FILE - In this Jan. 21, 2015, file photo, Microsoft CEO Satya Nadella speaks at an event demonstrating the new features of Windows 10 at the company's headquarters in Redmond, Wash. When Chinese President Xi Jinping arrives in Washington state on his way to the other Washington (Washington, D.C.), he’ll be visiting the American state that does more business with his country than any other. Washington companies sold China more than $20 billion in products last year, from airplanes to wheat and apples. (AP Photo/Elaine Thompson, File)
Photograph by Elaine Thompson — AP

Microsoft Redoubles Support For Apple In Fight Against FBI

Mar 01, 2016

Microsoft on Tuesday continued to support Apple in its ongoing legal battle with the Justice Department over helping to unlock a disputed iPhone used by a shooter during the San Bernardino attacks.

At the annual RSA Conference on cyber security, Microsoft chief legal counsel Brad Smith reiterated the need for businesses to work together and speak up against the government's call for easier access to encrypted data.

Apple alleges that a court order requiring it to build software that would more easily allow law enforcement to obtain data from a locked iPhone would undermine its efforts to encrypt customer data. Microsoft (msft), along with Google (goog) and other technology companies, has sided with Apple (aapl) in the case.

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“When it comes to security there is no technology that is more important than encryption,” said Smith. “We need to make sure encryption technology remains strong.”

However, Smith also noted that technology companies also occasionally comply with government requests to aid in terrorist investigations. In the days after the Paris terrorists attacks last fall, he said Microsoft received 14 court orders seeking information about the attack.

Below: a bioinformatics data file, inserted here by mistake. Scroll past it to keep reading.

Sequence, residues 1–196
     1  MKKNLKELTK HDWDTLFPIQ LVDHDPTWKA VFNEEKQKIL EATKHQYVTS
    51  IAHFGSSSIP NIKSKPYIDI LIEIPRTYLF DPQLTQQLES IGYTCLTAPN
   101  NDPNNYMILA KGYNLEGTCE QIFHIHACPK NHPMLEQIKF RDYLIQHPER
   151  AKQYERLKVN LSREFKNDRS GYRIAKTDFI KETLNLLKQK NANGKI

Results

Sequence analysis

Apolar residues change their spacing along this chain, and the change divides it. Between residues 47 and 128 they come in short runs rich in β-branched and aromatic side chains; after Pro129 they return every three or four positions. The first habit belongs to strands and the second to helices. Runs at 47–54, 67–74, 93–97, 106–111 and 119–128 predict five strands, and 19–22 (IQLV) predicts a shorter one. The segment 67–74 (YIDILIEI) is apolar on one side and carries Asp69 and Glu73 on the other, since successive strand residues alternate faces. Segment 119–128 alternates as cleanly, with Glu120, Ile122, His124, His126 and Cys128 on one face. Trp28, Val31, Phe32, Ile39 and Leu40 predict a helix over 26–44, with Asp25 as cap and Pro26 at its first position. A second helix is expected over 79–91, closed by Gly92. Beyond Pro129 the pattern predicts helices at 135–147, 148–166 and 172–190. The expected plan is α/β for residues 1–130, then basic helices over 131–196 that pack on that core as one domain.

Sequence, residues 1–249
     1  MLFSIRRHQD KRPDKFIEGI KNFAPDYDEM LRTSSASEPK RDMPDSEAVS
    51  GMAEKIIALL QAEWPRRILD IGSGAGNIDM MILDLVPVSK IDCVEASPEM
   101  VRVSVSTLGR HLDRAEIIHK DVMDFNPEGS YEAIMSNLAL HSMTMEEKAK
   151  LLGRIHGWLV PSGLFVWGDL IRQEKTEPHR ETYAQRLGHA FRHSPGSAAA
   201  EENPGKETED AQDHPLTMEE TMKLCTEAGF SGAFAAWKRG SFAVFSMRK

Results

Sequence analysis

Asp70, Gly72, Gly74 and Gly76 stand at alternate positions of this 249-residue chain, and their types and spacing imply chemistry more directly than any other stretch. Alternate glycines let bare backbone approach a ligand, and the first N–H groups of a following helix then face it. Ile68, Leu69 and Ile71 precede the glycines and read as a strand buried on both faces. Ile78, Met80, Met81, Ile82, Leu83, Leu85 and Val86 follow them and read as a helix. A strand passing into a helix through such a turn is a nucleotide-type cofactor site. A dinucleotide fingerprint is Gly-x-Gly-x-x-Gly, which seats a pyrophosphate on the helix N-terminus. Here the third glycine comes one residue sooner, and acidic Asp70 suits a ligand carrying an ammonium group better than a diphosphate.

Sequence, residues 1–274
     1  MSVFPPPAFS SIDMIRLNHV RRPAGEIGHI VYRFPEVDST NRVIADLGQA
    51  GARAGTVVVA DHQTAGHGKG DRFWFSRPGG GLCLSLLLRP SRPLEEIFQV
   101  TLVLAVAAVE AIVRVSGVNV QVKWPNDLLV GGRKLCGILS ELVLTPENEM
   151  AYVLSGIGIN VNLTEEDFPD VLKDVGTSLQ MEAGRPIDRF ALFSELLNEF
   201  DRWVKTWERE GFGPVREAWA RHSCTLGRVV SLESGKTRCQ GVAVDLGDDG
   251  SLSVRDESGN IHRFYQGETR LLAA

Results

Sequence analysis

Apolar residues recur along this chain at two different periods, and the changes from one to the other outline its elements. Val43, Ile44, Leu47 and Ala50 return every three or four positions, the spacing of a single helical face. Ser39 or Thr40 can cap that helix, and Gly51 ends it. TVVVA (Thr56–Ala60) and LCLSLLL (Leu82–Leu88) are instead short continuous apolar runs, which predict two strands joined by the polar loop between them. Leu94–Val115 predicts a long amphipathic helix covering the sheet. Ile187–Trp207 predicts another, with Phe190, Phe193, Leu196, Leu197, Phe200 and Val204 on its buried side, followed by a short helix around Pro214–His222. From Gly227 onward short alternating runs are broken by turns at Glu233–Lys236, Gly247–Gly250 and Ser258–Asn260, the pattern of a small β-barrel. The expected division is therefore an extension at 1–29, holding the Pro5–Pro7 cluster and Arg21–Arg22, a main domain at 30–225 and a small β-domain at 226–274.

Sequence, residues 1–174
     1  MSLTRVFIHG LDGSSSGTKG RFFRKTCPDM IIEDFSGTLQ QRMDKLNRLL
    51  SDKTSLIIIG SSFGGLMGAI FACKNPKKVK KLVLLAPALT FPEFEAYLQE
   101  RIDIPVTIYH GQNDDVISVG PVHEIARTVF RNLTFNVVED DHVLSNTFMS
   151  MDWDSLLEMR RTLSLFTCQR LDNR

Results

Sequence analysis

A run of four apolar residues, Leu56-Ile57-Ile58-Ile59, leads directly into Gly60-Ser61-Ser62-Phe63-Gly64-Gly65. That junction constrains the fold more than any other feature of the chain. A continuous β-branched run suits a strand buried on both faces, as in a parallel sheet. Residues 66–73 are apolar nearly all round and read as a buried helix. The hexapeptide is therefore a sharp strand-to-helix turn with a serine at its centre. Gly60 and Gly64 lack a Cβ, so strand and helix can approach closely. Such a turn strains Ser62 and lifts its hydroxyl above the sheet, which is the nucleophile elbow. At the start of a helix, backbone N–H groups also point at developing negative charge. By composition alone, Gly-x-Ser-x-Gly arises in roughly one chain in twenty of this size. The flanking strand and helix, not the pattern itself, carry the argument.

Smith said that Microsoft determined they were lawful requests and then responded to all of them in an average "of under 30 minutes.”

“We do play our role in the industry,” Smith said to emphasize his company's cooperation with law enforcement.

The battle between the public and private sector over cyber security has united a handful of rivals including Microsoft and Apple.

Smith highlighted Apple’s tough cyber security measures at several points during his talk and even referenced Apple’s former CEO Steve Jobs as an example of someone who “aimed to be at the intersection of engineering and the liberal arts.” Smith said that smartphones and other computing devices “contain the privacies of life.”

If Apple loses its case to the government and is forced to build technology that circumvents its security features, the general public might lose trust in technology companies that their data will be safeguarded, Smith explained. “People will not use tech they do not trust, hence trust is the foundation for our entire industry, and it needs to remain that way,” he argued.

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As for Microsoft’s burgeoning cloud computing business that other companies use to store information, Smith said he believes that government investigators should not come after Microsoft for help accessing the information. Instead, he said that law enforcement should go to those companies directly.

“We believe emphatically that when a government wants to investigate a legitimate business, it should serve the warrant on the business and not on the cloud provider instead.”

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